A Familiar Dividend ETF to Revisit

ETF Trends

Just a short while after dividend exchange traded funds hauled in over $29 billion in 2013, making the genre the biggest contributor to the growth of smart beta ETFs, some of the largest U.S. dividend funds have been bleeding assets in 2014.

Year-to-date, the three largest U.S. dividend ETFs have lost $848.5 million in assets combined. That group is comprised of the Vanguard Dividend Appreciation ETF (VIG) , the SPDR S&P Dividend ETF (SDY) and the iShares Select Dividend ETF (DVY) . Perhaps surprisingly, VIG is the worst offender in that trio having lost $462.5 million. [Vanguard Dominates ETFs Inflows]

One dividend ETF that has seen inflows, albeit a modest $23.5 million, is a fund that some income investors are already familiar with as evidenced by its $1.8 billion in assets under management. That being the WisdomTree LargeCap Dividend Fund (DLN) .

Given its flirtation with $2 billion in AUM, it is inaccurate to call DLN “obscure” or even “overlooked.” It is, however, worth revisiting this ETF’s advantages compared to rival funds. For example, DLN is up 3.1% this year compared to 1.3% for VIG while being 80 basis points less volatile than VIG, the largest U.S. dividend ETF, according to ETF Replay data.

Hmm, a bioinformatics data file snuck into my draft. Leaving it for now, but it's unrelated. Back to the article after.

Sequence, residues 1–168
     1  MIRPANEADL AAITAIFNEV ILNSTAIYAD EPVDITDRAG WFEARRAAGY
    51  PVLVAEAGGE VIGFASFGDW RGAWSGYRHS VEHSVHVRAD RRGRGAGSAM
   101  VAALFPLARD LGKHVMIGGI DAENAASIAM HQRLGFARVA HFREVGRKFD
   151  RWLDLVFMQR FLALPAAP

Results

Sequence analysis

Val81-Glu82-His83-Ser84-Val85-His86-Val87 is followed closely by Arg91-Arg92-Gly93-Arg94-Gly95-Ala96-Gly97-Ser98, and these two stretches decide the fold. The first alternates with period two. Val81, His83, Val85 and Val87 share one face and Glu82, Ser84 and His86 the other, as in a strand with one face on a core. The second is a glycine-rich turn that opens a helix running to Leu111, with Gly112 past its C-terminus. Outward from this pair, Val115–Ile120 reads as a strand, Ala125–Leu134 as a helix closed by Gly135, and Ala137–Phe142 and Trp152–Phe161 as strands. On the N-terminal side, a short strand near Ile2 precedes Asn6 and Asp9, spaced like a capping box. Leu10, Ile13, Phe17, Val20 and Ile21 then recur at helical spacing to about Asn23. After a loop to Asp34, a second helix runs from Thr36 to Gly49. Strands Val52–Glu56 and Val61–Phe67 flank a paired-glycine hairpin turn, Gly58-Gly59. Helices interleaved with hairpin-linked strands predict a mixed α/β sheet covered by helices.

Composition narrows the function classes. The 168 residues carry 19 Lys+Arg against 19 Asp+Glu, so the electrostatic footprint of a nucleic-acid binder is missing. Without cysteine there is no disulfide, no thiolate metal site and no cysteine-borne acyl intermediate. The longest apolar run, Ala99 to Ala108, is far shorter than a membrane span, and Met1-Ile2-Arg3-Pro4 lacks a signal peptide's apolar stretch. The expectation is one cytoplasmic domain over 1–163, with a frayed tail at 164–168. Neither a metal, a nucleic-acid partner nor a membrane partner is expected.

Although not jaw-dropping, DLN sports a distribution yield of 2.3%. VIG’s trailing 12-month yield is more inline with that of the S&P 500 at 1.9%. DLN differs from funds such as SDY, VIG and others in that its components are not weighed by length of dividend increase streaks. Rather, the WisdomTree LargeCap Dividend Index (WTLDI) “is dividend weighted annually to reflect the proportionate share of the aggregate cash dividends each component company is projected to pay in the coming year, based on the most recently declared dividend per share,” according to WisdomTree.

That allows DLN to blend sectors that are shaping up to be new sources of dividend growth along those sectors that have already shown themselves to be home to plenty of consistent dividend raisers. For example, technology and financial services, two of the three leading sources of S&P 500 dividend growth over the past several years, combine for over 29% of DLN’s weight. [Tech ETFs Become Dividend Destinations]

Due to rampant dividend cutting by banks during the financial crisis, many bank stocks do not have long enough dividend increase streaks to qualify for admission into ETFs like SDY and VIG. And because the concept of dividend growth is relatively new in the tech sector, that group is also lightly represented in many payout ETFs. SDY has just a 4% weight to tech. As of the end of February, VIG’s combined tech and financial services weight was just 11.5%, according to Vanguard data.

Still, DLN offers comfort for the income investor looking for the dependable dividend growth of sectors such as staples, health care and energy. Those groups combine for nearly 37% of the ETF’s weight and eight Dow stocks are found among DLN’s top-10 holdings.

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